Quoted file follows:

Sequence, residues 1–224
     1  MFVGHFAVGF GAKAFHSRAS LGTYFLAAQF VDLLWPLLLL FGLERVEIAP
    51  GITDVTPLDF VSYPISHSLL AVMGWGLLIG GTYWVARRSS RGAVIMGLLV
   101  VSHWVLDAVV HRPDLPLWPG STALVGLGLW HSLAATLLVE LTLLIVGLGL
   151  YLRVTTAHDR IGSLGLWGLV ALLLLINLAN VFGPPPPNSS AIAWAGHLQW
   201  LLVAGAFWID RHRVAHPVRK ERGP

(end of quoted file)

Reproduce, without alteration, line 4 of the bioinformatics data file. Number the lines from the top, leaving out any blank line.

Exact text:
   101  VSHWVLDAVV HRPDLPLWPG STALVGLGLW HSLAATLLVE LTLLIVGLGL